If Mike Cohen and Tony D'Ambrosio have their way, Sugar Ray will be in the ring for the 1984 Olympics, winning a gold medal for the United States.
That is Sugar Ray the horse, one of 30 world-class jumpers competing at the Washington International Horse Show at Capital Centre this week. Although the 8-year-old chestnut gelding owned and trained by Cohen and ridden by D'Ambrosio didn't place in yesterday's $5,000 International Open Jumper class, they are confident that the horse is destined to be a winner.
Donald Cheska on Southside, the winners of the Eisenhower trophy Monday night, returned to the winner's circle following a jump-off against 14 horses.
But, for the moment, Cohen, 36, of New Hope, Pa., and D'Ambrosio, 27, of Mount Kisco, N.Y., are content with the progress of Sugar Ray.
"He's a nice horse. We try to improve with each class. We came here to win one class, the President's Cup, " Cohen said. "At this stage, he's too young and too much of a future to try to win every class."
Although Cohen didn't name the horse with the hope of selling him to boxing champion Sugar Ray Leonard, he would like to introduce the fighter to the horse. "We are trying to promote the idea of Sugar Ray being a backer or sponsor for this horse," he said.
"We were all sitting around in Mike's camper one night when we decided to change his (the horse's) name," D'Ambrosio said, "It was right about the time that Sugar Ray was going to fight (Roberto) Duran and we were rooting for Sugar Ray. We figured Sugar Ray (the horse) was a welterweight, athletic, handsome and agile and all those great things that the real Sugar Ray is."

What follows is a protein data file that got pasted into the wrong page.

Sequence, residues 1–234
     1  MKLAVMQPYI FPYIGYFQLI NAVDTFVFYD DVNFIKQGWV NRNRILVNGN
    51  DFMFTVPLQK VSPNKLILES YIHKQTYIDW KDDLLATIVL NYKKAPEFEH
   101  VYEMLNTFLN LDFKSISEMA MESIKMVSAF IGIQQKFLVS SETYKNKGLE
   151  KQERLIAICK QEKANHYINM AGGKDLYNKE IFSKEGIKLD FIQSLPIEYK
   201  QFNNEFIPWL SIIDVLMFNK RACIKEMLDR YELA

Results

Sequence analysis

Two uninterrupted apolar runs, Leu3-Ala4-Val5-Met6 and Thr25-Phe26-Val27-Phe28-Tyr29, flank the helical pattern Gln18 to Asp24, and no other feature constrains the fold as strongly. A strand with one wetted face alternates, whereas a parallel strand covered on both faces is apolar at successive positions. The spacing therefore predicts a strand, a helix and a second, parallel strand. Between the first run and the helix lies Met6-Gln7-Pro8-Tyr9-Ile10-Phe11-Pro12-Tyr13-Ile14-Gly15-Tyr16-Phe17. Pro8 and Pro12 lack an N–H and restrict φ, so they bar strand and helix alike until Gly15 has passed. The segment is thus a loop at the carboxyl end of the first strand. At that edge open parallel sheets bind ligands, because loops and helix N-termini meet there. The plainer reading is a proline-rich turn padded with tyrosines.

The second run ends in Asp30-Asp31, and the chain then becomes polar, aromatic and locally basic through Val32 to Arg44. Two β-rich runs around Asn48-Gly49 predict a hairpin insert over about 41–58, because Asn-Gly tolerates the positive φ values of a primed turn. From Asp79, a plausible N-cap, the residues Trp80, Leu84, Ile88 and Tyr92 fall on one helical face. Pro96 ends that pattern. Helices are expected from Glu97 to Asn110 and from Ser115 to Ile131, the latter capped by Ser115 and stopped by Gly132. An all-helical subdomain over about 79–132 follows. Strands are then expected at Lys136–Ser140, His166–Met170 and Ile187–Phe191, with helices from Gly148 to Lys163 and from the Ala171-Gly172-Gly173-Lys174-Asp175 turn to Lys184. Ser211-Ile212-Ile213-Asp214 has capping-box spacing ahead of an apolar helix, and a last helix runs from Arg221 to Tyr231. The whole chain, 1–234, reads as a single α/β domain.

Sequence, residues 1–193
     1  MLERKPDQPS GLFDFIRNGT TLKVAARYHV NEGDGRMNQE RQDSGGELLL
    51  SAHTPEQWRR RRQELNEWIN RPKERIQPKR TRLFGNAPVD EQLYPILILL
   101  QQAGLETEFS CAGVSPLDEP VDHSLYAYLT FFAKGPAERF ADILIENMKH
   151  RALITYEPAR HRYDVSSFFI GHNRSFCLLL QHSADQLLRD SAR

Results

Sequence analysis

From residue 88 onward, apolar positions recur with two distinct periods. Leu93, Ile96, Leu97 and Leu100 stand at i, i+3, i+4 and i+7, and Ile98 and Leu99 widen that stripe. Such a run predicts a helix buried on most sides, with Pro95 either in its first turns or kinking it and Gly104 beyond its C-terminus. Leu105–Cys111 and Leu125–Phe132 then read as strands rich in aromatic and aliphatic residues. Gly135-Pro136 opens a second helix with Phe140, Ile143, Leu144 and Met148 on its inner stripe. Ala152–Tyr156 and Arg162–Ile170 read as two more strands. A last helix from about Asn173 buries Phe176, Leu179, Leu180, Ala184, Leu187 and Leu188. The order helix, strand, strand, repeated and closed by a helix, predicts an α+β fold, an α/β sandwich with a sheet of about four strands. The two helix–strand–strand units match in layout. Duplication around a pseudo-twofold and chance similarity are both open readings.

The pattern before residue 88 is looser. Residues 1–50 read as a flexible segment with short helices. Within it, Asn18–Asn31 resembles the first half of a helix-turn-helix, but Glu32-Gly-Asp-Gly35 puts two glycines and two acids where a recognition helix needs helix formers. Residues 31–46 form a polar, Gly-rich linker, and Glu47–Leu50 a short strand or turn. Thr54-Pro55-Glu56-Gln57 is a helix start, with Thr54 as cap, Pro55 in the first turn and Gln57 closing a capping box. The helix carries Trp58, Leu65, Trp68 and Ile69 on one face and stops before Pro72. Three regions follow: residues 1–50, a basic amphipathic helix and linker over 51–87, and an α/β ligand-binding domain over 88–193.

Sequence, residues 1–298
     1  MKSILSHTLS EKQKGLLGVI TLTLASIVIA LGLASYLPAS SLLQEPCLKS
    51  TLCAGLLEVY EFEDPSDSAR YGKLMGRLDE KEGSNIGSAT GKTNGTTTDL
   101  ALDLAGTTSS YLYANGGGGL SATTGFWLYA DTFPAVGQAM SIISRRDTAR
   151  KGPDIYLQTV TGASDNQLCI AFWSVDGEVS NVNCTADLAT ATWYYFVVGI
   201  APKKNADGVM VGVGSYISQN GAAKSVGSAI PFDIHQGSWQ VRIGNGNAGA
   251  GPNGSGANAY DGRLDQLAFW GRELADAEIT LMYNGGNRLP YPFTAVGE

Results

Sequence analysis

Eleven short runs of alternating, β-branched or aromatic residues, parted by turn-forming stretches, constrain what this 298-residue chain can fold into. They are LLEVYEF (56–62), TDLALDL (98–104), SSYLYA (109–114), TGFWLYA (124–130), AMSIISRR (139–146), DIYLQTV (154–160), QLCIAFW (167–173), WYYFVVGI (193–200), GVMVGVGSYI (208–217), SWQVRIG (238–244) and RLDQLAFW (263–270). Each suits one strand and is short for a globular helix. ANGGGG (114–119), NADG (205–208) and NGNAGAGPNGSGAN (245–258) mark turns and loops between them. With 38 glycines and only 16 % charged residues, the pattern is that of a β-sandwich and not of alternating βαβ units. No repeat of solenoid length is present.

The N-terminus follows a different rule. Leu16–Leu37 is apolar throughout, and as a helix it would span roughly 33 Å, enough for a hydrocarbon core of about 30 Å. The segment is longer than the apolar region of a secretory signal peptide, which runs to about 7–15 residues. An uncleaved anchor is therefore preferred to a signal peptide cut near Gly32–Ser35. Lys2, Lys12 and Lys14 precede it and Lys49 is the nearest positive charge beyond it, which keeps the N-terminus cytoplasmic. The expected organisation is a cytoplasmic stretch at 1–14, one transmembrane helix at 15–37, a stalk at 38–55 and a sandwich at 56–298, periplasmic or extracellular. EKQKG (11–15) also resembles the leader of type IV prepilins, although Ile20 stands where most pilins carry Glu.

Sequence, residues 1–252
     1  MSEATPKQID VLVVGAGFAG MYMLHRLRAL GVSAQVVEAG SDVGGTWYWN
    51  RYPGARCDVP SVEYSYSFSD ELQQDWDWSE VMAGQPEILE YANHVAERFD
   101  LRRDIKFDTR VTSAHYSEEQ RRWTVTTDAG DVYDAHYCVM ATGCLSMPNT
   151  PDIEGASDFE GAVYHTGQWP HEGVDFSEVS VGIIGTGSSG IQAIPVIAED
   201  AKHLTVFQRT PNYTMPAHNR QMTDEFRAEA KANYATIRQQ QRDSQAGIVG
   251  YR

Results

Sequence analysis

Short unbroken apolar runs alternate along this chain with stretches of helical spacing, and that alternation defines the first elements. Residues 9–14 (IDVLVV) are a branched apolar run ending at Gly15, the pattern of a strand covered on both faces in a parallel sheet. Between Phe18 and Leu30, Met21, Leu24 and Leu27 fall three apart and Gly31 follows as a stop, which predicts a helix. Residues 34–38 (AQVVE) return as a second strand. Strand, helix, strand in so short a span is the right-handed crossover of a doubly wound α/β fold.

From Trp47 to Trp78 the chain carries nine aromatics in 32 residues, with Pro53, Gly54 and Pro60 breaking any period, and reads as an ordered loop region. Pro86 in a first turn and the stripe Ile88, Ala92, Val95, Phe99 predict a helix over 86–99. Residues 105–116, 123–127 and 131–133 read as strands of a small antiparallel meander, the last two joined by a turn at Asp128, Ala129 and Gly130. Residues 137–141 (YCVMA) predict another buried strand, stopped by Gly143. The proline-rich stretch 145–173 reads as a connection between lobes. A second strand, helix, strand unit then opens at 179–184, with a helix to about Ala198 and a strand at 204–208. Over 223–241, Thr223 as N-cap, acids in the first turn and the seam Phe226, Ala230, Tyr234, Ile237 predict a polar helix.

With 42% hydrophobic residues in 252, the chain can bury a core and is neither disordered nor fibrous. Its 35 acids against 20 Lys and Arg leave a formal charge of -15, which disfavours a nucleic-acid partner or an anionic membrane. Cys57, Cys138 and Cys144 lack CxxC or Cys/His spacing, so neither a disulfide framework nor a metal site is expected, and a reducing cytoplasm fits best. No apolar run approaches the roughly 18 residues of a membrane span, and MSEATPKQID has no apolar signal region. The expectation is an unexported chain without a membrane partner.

D'Ambrosio started to ride Sugar Ray for Cohen last August, and within four horse shows the pair progressed through the ranks of intermediate jumper to winning the $40,000 International Jumping Derby in Newport, R.I., the richest and toughest grand prix on the tour.
D'Ambrosio hopes the horse will carry him to the Olympics. "I feel strongly that he is one of the finest, if not the finest, horse in the U.S.," he said. "He's young, sound and has been brought along slowly."
What D'Ambrosio doesn't talk about is the fact that his mount could be literally sold out from under him, much like his former mount Sympatico was shortly before the 1976 Olympics.
"They have a good future together," said Cohen, who recently worked as agent in the sale of the first $500,000 grand prix jumper. "If I get approached to sell this horse for the right price I have to let him go. And it's not like nobody isn't calling."
In last night's International Jumping Class, Norman Della Joio on Grand Lieu won the Gambler's Choice stake with a score of 1,050 points in 62.85 seconds.